Except that for the first time, I have a chance to start over. Not just with my parents but at school. Still, the rumors follow me everywhere. Down the hall. In classes. And the only hope I can see is in the wide, brightly lit smile of Jackson, the boy next door. So I lie to him. I lie to protect him from my past. I lie so that I don’t have to be The Girl Who Went Bad.

The only problem is that someone in my school knows about New York.

Someone knows who I really am.

And it’s just a matter of time before the real Anna is exposed…
About the Author:



Stacey Trombley lives in Ohio with her husband and the sweetest Rottweiler you’ll ever meet. She thinks people are fascinating and any chance she has, she’s off doing or learning something new. She went on her first mission trip to Haiti at age twelve and is still dying to go back. Her “places to travel” list is almost as long as her “books to read” list.

She wants to bring something new to the world through her writing, but just giving a little piece of herself is more than enough.

Keep a look out for her debut novel NAKED, coming from Entangled Teen in 2015

Author Links:

website




Excerpt:




It hasn’t really hit me what’s happening until the van pulls up to my old house.  


It’s big, white, with a full, manicured garden. The Japanese maple tree sitting there, right beside the stone steps that lead up to the wraparound porch, staring at me.  
Everything is the same. Except me. 

I stand there, looking at the house I fled three years ago. I can’t move. I can’t make myself go in that house. 

Sarah comes around the truck and stands beside me. “Ready?” she asks. 

I shake my head. I will never be ready for this. Never. 

She doesn’t say anything, and she doesn’t move. We stand there for at least five minutes. Five really, really, really long minutes. I’m still not ready to move, no matter how long those minutes seem. I’ll stand here for eternity if I have to, if it can keep me from facing those memories. From facing my father. My mother. 

But Sarah seems ready, so she begins to walk across the massive yard—through the grass. My mother won’t like it—she hates anyone touching her perfectly sculpted lawn—but I suppose that’s okay with me.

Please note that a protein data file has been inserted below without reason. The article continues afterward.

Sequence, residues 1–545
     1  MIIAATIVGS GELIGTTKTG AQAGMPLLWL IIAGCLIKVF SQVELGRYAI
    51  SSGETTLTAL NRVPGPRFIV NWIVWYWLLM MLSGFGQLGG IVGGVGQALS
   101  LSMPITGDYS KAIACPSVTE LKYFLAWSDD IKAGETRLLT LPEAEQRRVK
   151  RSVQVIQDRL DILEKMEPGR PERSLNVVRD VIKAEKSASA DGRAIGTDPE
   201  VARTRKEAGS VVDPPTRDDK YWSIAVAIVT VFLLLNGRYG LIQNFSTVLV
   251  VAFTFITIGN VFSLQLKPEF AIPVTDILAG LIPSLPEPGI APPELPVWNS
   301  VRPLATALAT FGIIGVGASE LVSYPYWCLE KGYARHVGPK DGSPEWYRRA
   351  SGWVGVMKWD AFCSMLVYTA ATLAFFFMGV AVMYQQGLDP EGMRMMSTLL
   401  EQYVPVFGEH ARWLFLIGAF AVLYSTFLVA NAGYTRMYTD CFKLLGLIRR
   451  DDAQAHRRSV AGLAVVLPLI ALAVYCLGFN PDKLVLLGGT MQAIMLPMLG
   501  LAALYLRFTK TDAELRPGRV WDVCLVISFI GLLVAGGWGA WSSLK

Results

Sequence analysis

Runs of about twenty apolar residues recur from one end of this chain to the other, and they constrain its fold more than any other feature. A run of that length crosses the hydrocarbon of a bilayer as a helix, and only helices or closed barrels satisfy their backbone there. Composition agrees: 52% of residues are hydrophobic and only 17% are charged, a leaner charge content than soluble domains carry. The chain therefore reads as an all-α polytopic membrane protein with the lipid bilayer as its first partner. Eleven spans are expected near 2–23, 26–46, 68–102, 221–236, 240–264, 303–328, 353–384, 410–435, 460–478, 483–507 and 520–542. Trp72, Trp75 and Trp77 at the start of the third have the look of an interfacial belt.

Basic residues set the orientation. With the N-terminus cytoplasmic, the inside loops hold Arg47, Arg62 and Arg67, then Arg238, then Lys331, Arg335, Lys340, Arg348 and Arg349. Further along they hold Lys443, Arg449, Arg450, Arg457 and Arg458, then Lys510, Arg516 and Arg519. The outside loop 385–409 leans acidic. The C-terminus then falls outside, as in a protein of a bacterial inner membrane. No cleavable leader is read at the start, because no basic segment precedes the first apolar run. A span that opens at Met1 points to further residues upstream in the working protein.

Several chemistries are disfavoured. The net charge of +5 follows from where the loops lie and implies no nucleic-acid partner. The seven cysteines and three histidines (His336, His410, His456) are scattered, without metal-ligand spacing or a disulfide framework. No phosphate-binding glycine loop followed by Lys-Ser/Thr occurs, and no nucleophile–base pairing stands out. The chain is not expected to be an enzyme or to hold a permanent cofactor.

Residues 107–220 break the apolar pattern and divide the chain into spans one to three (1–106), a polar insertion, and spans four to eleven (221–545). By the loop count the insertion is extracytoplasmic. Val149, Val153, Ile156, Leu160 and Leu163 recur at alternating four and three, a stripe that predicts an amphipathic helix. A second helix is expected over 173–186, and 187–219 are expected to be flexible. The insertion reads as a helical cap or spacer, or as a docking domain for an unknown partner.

Sarah doesn’t ask me to join her, doesn’t plead with me to go inside. She leaves me behind, and that’s what makes me go. Did she know that even the smallest of nudges would have kept me rooted even deeper in my spot? 

I walk very, very slowly toward the house. I feel defiant for walking through the grass. One small thing at a time. My mother doesn’t own me anymore. 

Sarah reaches the top of the steps as I cross the garden. She knocks on the heavy door. I stop at the bottom of the steps, unwilling to go any farther. 

Slowly, the door opens. I close my eyes and wait, but I hear nothing.  

After a moment of silence, I can’t take it. I open my eyes to see Sarah and the face I’ve been dreading—and hoping for. My mother’s. Apparently she’s gathered enough courage to see me face-to-face. 

Her hair is done in a tight bun, and her makeup successfully covers whatever flaws she has developed over the last three years. It’s obvious she spent a long time preparing herself to see her long-lost daughter up close, without a police station hallway between us. Because clearly looking put-together will make this easier. 

I want to roll my eyes, shake my head, but in truth, I’m kind of glad to know she hasn’t changed that much. I didn’t ruin everything about her. Even if the thing that didn’t change was something I never liked. 

She doesn’t move, just looks at me. But I cast my eyes to the ground, and she clears her throat. 

“Why don’t you both come in?” I look to Sarah, who nods and walks through the open door first. We walk down a very familiar hallway and into our huge, bright white kitchen. I’m a stranger in this house. 

 I’m not the little girl who used to see how far she could slide on the hardwood dining room floor and hid in the linen closet when she was in trouble. I’m definitely not the little girl who sang Christmas songs with her mother while doing the dishes, even in the summer. That girl is gone. 

I left her in Grand Central Terminal three years ago.  

My father is waiting in the kitchen, sitting at the table. I take in a deep breath, sit across from him, and run my hands through my hair. After a pause, Sarah takes a seat beside me. She gives me a reassuring smile that I don’t return.